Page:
Yesterday, I provided a response Memo to the Interim Commissioner regarding various issues which affect the agency. This document included matters related to OSDH information technology expenditures which I believe are very serious concerns on multiple levels—especially in instituting the corrections required as expressed in the OSDH Corrective Action Report to the Legislature. This document was also provided to the State Auditor and Inspector and the House Investigative Committee.

After delivery of this memo in a one on one meeting, the Interim Commissioner revealed to me that the items in that memo did not coincide with the previous “testimony” of an OSDH employee. This employee had appeared before a formal investigative process currently underway by the State Attorney General and Federal Officials. The employee was under the clear indication from OSDH General Counsel that she was acting as the employee’s attorney in the matter and nonetheless, after the submission of my memo to the Interim Commissioner, he was apparently capable of fact checking my points with those made by the employee in that investigative meeting. Essentially, these actions show me that the Interim Commissioner is using others, including his General Counsel, to stay abreast of the proceedings and to analyze the financial communications provided by me with this compromising activity. These matters should be kept confidential by the General Counsel and yet this General Counsel has been present throughout the Grand Jury process.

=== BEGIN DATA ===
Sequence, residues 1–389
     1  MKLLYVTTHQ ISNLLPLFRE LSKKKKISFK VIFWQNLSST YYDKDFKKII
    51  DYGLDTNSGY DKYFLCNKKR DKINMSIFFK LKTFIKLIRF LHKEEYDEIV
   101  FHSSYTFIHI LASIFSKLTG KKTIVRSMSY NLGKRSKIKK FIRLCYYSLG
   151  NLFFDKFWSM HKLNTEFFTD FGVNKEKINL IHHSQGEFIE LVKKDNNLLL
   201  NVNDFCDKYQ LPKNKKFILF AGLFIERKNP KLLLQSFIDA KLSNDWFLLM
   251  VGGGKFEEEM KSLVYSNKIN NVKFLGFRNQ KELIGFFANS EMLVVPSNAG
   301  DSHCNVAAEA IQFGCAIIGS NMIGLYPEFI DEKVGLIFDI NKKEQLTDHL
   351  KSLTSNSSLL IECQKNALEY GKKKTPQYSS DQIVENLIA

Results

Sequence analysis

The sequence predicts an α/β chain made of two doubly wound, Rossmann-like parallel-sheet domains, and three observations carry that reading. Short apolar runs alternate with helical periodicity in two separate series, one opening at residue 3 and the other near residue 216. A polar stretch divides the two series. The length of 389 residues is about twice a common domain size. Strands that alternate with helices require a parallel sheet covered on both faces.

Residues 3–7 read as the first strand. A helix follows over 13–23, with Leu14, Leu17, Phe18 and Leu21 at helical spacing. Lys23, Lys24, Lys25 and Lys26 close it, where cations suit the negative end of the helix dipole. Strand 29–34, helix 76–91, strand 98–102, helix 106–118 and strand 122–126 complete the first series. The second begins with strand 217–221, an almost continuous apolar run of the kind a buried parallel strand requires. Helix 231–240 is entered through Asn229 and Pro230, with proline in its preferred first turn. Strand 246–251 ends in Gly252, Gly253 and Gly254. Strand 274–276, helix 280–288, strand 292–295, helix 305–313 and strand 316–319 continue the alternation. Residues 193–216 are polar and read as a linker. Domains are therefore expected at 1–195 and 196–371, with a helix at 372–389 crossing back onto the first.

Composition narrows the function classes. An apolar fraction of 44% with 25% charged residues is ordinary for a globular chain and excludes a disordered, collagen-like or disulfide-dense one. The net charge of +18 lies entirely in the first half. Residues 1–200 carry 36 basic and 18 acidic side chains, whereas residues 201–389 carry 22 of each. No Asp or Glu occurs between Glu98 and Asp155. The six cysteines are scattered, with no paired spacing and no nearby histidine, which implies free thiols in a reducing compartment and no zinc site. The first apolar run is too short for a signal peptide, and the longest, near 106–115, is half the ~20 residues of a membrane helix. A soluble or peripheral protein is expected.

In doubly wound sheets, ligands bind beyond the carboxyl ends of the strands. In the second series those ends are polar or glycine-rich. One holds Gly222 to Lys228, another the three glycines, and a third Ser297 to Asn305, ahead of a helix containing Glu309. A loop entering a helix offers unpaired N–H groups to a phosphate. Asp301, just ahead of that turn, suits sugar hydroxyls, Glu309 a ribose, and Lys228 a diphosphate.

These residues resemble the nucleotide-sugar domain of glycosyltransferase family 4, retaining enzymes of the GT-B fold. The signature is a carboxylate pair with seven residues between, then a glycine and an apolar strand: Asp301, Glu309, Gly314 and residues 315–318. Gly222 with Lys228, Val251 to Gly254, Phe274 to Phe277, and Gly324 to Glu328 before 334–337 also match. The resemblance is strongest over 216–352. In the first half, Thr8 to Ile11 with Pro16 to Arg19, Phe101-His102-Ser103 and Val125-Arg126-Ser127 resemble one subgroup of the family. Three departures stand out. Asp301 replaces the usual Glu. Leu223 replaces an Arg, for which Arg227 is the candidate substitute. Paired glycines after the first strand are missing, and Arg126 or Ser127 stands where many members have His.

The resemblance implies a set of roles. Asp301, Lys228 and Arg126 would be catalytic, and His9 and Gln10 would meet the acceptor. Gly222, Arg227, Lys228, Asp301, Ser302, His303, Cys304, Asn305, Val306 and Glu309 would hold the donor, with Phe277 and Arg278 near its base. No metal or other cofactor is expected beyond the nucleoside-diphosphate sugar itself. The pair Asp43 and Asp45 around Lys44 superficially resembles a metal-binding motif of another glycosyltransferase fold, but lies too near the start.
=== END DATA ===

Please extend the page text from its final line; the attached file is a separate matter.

Therefore, I believe that the process for the financial recovery for the OSDH is currently tainted with multiple conflicts of interest. Many of which impede the steps required for me to fully assist the agency as the CFO. Numerous important and on-going issues have already been highlighted by the former Chief Operating Officer, Deborah Nichols—especially those related to OSDH information technology expenditures. Ms. Nichols is a COO par excellence and one of the finest executive professionals I have ever been privileged to work with and the agency has suffered without her direction.